Things just went from bad to horror movie for Malcolm
Peter Costello has decided to leave his seat of Higgins in Melbourne before the next election meaning that the Liberals will face two by-elections in close succession or even on the same day.
The former Treasurer is yet to give a reason as to why he has left early but he has managed to turn Malcolm Turnbull’s current position from scary to downright horrific. This is like that scene from the latest Saw movie even the actors apparently had to walk out on.
One upside to the departure is that the distraction of Peter Costello will be over with once and for all for Malcolm Turnbull. The downside is this: two men who were the most senior remaining members of the Howard Government, Brendan Nelson and now Peter Costello, have decided to leave Parliament early causing by-elections in the middle of what is already a crisis for Malcolm Turnbull and his party over the ETS.
While the on-going presence of these two men, especially Costello, in Parliament could have been destabilising to Turnbull, their greater role was to Turnbull’s benefit as they kept less disciplined members of the party from going after him.
If it wasn’t already, it’s open season on Turnbull over the ETS and anything else disgruntled MPs want to throw in for good measure.
There was a great press release put out earlier in the week that summed up the current position of the Liberal Party.
It wasn’t put out by a Liberal, a National or even the Government. No it was issued by our very own Tripitaka of the Senate Family First’s Steve Fielding.
“The Coalition is like a sinking ship without any lifeboats at the moment,” Senator Fielding said.
“The Liberal party is in danger of losing their financial credibility if it caves in and votes for an ETS before Copenhagen, so if I was a Liberal senator I’d be looking to jump ship with some dignity.”
When Steve Fielding starts lecturing your political dignity you know you are in trouble.
Even worse for the Coalition, he’s right.
Say what you will about Fielding but at least he can say that he won’t go near the ETS at that moment.
The Coalition is currently split into three groups: those who don’t want an ETS full stop (read the Nationals and climate skeptics like Tuckey) those who don’t want to sign off on anything before Copenhagen (a significant number of powerful Liberals, soon to depart Peter Costello devoted an entire column to it yesterday) and those who want to agree on amendments and pass Rudd’s ETS before November (Turnbull and a few others trying to hold things together).
It should be noted that, as Lenore Taylor pointed out this morning, there’s a fair bit of cross-over between categories A and B.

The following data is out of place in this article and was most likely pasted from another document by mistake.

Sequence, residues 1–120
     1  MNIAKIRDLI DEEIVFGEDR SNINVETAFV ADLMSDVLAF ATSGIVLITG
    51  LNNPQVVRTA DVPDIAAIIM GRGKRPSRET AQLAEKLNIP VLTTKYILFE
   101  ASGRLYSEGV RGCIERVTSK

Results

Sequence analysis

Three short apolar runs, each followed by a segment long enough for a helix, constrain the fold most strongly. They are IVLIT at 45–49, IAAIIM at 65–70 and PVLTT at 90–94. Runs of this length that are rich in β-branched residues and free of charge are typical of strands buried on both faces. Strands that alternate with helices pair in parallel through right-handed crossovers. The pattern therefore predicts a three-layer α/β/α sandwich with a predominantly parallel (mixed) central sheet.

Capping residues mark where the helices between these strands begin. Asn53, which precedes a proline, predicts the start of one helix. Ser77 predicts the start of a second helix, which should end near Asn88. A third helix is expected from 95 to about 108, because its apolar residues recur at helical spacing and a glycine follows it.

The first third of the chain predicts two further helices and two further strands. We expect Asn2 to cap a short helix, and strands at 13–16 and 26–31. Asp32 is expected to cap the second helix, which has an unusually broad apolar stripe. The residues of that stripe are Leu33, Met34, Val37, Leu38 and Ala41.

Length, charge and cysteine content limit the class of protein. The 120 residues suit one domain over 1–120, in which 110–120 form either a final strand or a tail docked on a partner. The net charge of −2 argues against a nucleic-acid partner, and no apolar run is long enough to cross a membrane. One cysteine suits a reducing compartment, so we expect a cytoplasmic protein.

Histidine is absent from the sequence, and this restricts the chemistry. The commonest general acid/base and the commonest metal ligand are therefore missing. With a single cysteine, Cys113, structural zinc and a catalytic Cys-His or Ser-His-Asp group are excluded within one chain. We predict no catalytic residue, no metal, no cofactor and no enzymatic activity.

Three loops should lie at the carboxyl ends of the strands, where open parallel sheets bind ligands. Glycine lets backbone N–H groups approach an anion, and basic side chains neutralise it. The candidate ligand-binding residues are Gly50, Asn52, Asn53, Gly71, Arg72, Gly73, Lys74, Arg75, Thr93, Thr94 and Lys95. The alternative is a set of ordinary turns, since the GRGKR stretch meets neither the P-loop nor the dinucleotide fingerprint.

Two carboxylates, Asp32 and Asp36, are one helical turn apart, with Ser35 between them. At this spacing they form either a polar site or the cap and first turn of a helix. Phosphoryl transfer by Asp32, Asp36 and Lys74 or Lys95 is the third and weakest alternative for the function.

Joe Hockey has confirmed this afternoon that he has been sounded out for the Liberal leadership.
This is hardly surprising given he’s the only real alternative at the moment. I’ve argued he’s the only choice before, but some, like Punch editor David Penberthy, have argued that Tony Abbott could be worth a shot.
Hockey has admitted the talks on the leadership took place, and unlike Colgo today, I don’t think that this is disloyalty.
With the current crisis in the party he’d be unable to deny it with a straight face.
Perhaps even more naively, I believe Hockey when he says he doesn’t want to lead the Liberal Party. Who the hell would?
Hockey could find himself as leader if Turnbull actually makes good on his promise to stake his leadership on being able to bring the party into line on the issue.
But all the same problems currently ravaging the Liberals would still be present for a Hockey led opposition as a Turnbull one.
Even if Hockey decided to change policy and decide to delay an ETS before Copenhagen, as would be pretty likely in the event of a leadership change over the issue, what then?
Hockey would still face the prospect of a double dissolution if the ETS was rejected in November (a bit of a Rudd bluff but nonetheless a nightmare scenario for the Libs) and periodic highland raids from Nationals who want to threaten the future of the Coalition itself.
Have a look at the recent cut-off-nose-to-spite-face scenario in Queensland. One of the few performing and younger senior Liberals Peter Dutton lost preselection for a safer seat because the Nats among the Queensland Liberal-National Party wanted to make a point about, “those folks from down south not telling us what to do.”
So now Costello’s leaving too. Aside from the message it sends and the disruption it will cause, who knows what he might say or do before the next election now free of even the illusion of loyalty to Turnbull.
Those with weak stomachs might want to leave now.
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